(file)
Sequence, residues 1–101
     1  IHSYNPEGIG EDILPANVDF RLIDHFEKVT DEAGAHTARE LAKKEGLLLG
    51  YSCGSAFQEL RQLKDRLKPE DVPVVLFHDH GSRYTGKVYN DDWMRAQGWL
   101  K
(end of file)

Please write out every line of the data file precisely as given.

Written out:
Sequence, residues 1–101
     1  IHSYNPEGIG EDILPANVDF RLIDHFEKVT DEAGAHTARE LAKKEGLLLG
    51  YSCGSAFQEL RQLKDRLKPE DVPVVLFHDH GSRYTGKVYN DDWMRAQGWL
   101  K